Allen believes that a sound FOG management process should include considering waste and FOG reduction at the start of production. “There is software available that can monitor this to access how savings and reduction can be achieved. Furthermore, install grease dosing or catchment equipment, usually fitted after sink traps or warewashing equipment, to ensure blockages do not occur. Grease traps should be installed at the end of the line before the FOG leaves the kitchen; these however must be emptied and maintained on a regular basis for them to be effective and these would be a standard requirement on a new build.”
Over at Mechline, marketing manager Kristian Roberts recommended: “Catering equipment dealers need to consider all the various technologies available to a particular kitchen site and advise on the most appropriate solution for that site. Simply offering a solution is not enough – this needs to be effective. A site evaluation should be carried out to identify the most suitable solution, tailored for that specific kitchen. Only through the use of the correct FOG management technology and guidance and on-premises staff training can FOG entering the kitchen drainage system can be dramatically reduced.”
He continued: “Whilst basic passive traps have traditionally been regarded as a stock answer to the issue, it is very often the case that in many situations they may not be suitable or practicable. The effectiveness of any grease trap is dependent on the correct sizing/volume capacity and location of the grease trap system, temperature of discharge and detergent levels.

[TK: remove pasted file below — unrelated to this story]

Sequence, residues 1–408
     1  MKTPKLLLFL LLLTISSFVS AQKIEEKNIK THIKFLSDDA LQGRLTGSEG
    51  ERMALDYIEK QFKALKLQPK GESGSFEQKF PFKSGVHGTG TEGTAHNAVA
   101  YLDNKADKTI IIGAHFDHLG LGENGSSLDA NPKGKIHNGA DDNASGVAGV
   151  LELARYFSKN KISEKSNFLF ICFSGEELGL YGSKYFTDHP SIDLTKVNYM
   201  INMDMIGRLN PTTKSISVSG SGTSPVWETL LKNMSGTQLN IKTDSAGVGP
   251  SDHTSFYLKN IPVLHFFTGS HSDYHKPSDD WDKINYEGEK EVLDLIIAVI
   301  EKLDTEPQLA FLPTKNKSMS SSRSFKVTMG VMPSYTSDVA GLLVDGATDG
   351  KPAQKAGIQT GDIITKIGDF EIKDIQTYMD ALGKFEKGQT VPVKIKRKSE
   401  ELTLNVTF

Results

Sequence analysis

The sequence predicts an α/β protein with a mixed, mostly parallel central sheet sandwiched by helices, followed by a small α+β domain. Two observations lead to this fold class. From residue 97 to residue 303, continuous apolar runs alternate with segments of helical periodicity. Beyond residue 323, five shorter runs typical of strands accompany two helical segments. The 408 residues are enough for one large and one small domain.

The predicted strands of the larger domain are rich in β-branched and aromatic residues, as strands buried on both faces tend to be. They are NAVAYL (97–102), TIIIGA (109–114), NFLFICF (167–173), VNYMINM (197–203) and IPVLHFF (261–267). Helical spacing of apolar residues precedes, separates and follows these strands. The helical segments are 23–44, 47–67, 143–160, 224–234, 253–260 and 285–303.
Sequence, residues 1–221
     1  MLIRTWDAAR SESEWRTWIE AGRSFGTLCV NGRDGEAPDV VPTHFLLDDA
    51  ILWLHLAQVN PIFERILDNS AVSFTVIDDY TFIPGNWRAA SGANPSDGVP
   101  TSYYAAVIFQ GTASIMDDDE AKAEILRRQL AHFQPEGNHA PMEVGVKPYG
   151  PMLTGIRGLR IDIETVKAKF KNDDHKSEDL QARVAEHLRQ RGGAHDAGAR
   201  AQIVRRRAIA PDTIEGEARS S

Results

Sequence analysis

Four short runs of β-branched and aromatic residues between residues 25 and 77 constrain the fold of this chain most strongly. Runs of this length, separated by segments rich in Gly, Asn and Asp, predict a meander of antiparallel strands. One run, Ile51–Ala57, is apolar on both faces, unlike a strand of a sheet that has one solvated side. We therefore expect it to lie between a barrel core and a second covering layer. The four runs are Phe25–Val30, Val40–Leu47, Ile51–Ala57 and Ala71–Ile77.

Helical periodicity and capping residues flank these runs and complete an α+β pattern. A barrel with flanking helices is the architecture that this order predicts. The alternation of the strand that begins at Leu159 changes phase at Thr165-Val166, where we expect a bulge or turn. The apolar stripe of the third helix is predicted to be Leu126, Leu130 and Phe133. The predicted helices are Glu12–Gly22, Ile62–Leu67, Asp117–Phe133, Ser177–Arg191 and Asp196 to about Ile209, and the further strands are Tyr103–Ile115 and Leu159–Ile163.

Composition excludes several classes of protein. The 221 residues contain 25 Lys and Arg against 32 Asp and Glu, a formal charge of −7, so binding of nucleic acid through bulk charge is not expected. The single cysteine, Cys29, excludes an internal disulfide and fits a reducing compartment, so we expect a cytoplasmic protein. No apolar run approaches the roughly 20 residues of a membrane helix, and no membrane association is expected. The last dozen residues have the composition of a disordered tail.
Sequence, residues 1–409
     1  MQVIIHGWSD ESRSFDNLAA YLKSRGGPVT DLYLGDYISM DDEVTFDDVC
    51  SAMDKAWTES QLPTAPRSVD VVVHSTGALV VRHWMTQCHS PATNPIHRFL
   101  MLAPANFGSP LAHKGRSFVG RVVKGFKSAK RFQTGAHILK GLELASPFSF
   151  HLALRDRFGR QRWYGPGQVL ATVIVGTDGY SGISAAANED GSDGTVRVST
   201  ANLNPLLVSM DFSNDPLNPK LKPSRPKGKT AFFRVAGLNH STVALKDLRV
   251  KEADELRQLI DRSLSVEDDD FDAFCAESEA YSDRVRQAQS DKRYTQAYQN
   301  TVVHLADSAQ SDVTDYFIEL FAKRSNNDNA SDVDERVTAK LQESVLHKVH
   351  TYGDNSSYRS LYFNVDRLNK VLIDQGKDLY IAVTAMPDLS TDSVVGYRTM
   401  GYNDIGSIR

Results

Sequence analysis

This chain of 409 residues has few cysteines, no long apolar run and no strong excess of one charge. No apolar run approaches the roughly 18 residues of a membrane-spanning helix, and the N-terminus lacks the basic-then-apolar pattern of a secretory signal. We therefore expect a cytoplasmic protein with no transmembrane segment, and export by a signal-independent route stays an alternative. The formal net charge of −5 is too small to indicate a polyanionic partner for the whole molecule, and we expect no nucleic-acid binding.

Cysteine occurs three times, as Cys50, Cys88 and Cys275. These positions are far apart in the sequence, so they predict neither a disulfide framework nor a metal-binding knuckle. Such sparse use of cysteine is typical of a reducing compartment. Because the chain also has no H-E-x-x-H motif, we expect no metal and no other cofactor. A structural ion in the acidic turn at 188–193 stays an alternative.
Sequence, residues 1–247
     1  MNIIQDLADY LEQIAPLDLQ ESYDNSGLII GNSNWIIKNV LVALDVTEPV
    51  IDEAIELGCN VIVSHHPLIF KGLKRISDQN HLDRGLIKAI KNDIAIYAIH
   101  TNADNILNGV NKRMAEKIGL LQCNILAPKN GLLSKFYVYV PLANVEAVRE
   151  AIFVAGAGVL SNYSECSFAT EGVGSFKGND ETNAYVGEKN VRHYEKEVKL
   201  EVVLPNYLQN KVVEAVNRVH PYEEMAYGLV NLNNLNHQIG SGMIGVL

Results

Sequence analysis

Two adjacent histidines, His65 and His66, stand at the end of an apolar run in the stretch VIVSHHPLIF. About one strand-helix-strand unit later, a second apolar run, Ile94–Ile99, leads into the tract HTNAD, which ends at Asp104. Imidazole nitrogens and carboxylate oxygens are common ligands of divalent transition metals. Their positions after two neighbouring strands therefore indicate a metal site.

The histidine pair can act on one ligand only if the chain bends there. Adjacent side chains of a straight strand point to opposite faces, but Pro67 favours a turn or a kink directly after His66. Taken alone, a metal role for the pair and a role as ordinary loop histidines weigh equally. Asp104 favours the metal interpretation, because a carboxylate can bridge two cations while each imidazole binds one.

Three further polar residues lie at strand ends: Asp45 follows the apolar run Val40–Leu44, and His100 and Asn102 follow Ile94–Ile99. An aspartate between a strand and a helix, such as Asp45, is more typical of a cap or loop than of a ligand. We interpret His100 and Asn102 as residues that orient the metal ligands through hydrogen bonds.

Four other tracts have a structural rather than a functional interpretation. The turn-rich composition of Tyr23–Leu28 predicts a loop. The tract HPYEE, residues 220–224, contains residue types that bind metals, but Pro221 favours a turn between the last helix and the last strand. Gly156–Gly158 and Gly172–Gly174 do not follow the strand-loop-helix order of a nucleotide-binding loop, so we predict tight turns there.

“Other options include automated grease removal systems and accredited biological dosing systems. Biological dosing systems can act as supportive complementary technology or as standalone systems. Key considerations in any product review should be the numbers and range of bacteria to deal with the complex nature of FOG structures in the fluid, the meeting of all standard safety criteria, and that the dosing systems are automated with the operational interface.”